Once the Securities and Exchange Commission approves the first strategy for nontransparent actively managed ETFs, which could happen as early as this Friday, many more such ETFs could be coming to market.
A Cerulli Associates survey of “product heads” from 35 asset managers found that 46% indicated they would build nontransparent ETF capabilities within a year if the SEC approves the ActiveShares proposal from Precidian Investments. More than half of those asset managers (55%) expect to launch a nontransparent actively managed equity structure; while 30% expect to launch a similar strategy for fixed income investments.
Currently only 2% of ETFs are actively managed and most of those are fixed income products. If the SEC gives final approval to Precidian’s application — it has already given tentative approval — the odds improve for other pending nontransparent actively managed ETF proposals.
What Your Peers Are Reading
Asset managers are either entering into licensing agreements with firms waiting for approval of their structures, such as Precidian, or filing their own applications for nontransparent actively managed strategies.
In the first group are Legg Mason, Capital Group, JPMorgan, Nationwide, Gabelli, Columbia, American Century and Nuveen which have already licensed ActiveShares from Precidian. In the latter group are NYSE/Natixis, Fidelity, T. Rowe Price, Blue Tractor Group and Eaton Vance, which already offers NextShares, an actively managed exchange managed fund, which has characteristics of both mutual funds and ETFs but has failed to attract much investor interest.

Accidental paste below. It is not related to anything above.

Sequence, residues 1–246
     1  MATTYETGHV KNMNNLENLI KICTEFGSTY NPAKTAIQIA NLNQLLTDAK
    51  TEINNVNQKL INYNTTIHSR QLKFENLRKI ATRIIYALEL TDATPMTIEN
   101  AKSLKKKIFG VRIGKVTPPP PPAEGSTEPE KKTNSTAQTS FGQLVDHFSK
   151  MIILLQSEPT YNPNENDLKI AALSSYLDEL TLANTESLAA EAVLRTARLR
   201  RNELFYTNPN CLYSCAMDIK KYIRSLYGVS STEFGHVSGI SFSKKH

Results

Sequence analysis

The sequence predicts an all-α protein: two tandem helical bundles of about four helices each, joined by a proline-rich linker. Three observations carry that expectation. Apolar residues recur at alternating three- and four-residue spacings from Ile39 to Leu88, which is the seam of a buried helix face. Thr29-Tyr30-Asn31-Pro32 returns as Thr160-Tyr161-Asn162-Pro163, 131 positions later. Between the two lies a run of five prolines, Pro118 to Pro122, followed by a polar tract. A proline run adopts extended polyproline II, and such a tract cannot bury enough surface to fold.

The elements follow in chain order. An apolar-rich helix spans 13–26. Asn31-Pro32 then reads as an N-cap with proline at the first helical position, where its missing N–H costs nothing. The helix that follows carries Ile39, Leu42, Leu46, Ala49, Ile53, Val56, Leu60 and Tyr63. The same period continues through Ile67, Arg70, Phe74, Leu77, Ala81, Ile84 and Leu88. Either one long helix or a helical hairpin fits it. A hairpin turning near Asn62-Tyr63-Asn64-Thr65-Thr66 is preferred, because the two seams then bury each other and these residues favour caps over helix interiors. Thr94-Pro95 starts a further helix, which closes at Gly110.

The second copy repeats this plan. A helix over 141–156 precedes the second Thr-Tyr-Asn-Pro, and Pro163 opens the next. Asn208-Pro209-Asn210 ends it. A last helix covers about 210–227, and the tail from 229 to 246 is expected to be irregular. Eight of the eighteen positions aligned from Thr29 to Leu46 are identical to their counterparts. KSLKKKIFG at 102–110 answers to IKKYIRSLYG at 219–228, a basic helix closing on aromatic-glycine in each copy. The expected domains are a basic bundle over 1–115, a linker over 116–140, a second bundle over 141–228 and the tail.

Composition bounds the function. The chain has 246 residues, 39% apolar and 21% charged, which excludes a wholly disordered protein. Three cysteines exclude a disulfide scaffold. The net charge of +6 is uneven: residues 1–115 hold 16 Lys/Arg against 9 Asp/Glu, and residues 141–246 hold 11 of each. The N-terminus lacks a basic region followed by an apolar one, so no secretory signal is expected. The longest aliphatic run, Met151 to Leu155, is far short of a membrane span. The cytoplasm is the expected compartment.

Each of these (new) filings for an actively managed nontransparent ETF “sits on a spectrum of transparency,” according to Cerulli. Fidelity’s proposal includes an optimized tracking basket that has similar exposures to securities in the ETF but are not all the same securities and weights of the actual fund holdings. Blue Tractor’s Shielded Alpha proposal reveals all the fund holdings but scrambles the weights.